Measuring distance to the SDG targets – Estonia

Based on 120 available indicators allowing a coverage of 95 of the 169 SDG targets, Estonia has currently achieved 8 of the 2030 targets, and many of the remaining distances to targets are small (Figure 2.15). For example, Estonia performs well on targets relating to schools access to internet, access to electricity and air quality (measuring targets 4.a, 7.1, and 11.6). However, some challenges remain; Estonia is still very far (i.e. more than 3 standardised distances away) from meeting some 5% of the targets. These include targets relating to mortality from accidental poisoning, tobacco consumption and CO2 intensity (targets 3.9, 3.a and 9.4).

Figure 2.15. Estonia’s distance from achieving 95 SDG targets
Figure 2.15. Estonia’s distance from achieving 95 SDG targets

Note: The chart shows current level of achievement on each available target. The longer the bar, the shorter the distance still to be travelled to reach 2030 target (dotted circle). Targets are clustered by goal, and goals are clustered by the “5Ps” of the 2030 Agenda (outer circle).

Source: See www.oecd.org/sdd/OECD-Measuring-Distance-to-SDGs-Targets-Metadata.pdf for detailed metadata.

 StatLink http://dx.doi.org/10.1787/888933963139

The Measuring Distance to the SDG Targets Study is intended as an analytical tool to assist countries in identifying strengths and weaknesses across the goals and targets of the 2030 Agenda, and as such differs in nature from Voluntary National Reviews (VNRs) or other reporting processes. To ensure international comparability, indicators used in the Study are based on the UN Global List of Indicators on SDGs and are sourced from the UN SDG Database and OECD databases. VNRs typically use national indicators that reflect national circumstances and can be more up-to-date.

Figure 2.16, Panel A shows that Estonia is on average closest to reaching goals on Oceans, Biodiversity and Water (goals 14, 15 and 6). On the other hand, Estonia is furthest from goals on Poverty Eradication, Climate and Infrastructure (goals 1, 13 and 9). Relative to the OECD average, Estonia outperforms on goals such as Education, Gender Equality and Economy (goals 4, 5 and 8). Conversely, Estonia is relatively further away on goals such as Poverty Eradication, Infrastructure, Cities and Climate (goals 1, 9, 11 and 13). However, considerable effort by the international statistical community will be key to fill the data gaps and allow a more accurate assessment (see Figure 2.16, Panel B). For example, if missing data were available on Cities, Sustainable Production, Climate and Oceans (goals 11, 12, 13, 14), Estonia’s performance could change from current assessments.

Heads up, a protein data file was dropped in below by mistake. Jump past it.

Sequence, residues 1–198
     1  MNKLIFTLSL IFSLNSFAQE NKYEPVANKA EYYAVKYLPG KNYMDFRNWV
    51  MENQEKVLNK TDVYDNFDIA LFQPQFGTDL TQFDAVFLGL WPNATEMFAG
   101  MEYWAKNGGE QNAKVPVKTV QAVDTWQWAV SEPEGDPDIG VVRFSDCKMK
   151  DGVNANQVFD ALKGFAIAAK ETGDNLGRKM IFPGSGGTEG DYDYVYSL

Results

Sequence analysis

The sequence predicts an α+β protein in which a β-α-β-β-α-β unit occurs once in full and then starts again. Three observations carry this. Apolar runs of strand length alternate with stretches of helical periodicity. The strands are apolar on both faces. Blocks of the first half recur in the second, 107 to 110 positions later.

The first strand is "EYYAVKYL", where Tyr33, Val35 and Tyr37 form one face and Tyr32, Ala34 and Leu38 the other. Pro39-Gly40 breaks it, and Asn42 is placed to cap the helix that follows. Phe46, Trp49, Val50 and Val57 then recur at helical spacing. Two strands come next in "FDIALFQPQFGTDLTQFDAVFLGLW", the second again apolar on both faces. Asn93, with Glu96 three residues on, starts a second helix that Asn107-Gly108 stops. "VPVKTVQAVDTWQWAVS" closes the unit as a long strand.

Figure 2.16. Estonia’s distance from targets and data coverage, by goal
Figure 2.16. Estonia’s distance from targets and data coverage, by goal

Note: Panel A shows the average distance the country needs to travel to reach each SDG. Distances are measured in standardised units (see Chapter 3 for details) with 0 indicating that the level for 2030 has already been attained: and 3 is the distance most OECD countries have already travelled. Bars show the average country performance against all targets under the relevant Goal for which data are available, and diamonds show the OECD average. Whiskers show uncertainties due to missing data, ranging from assuming that missing indicators are all 3 standardised distances from the 2030 target level to assuming that they are already at the target level. Panel B shows the share of targets covered by at least one indicator out of the 169 targets of the 2030 Agenda, according to the 17 goals and 5Ps.

Source: See www.oecd.org/sdd/OECD-Measuring-Distance-to-SDGs-Targets-Metadata.pdf for detailed metadata.

 StatLink http://dx.doi.org/10.1787/888933963158

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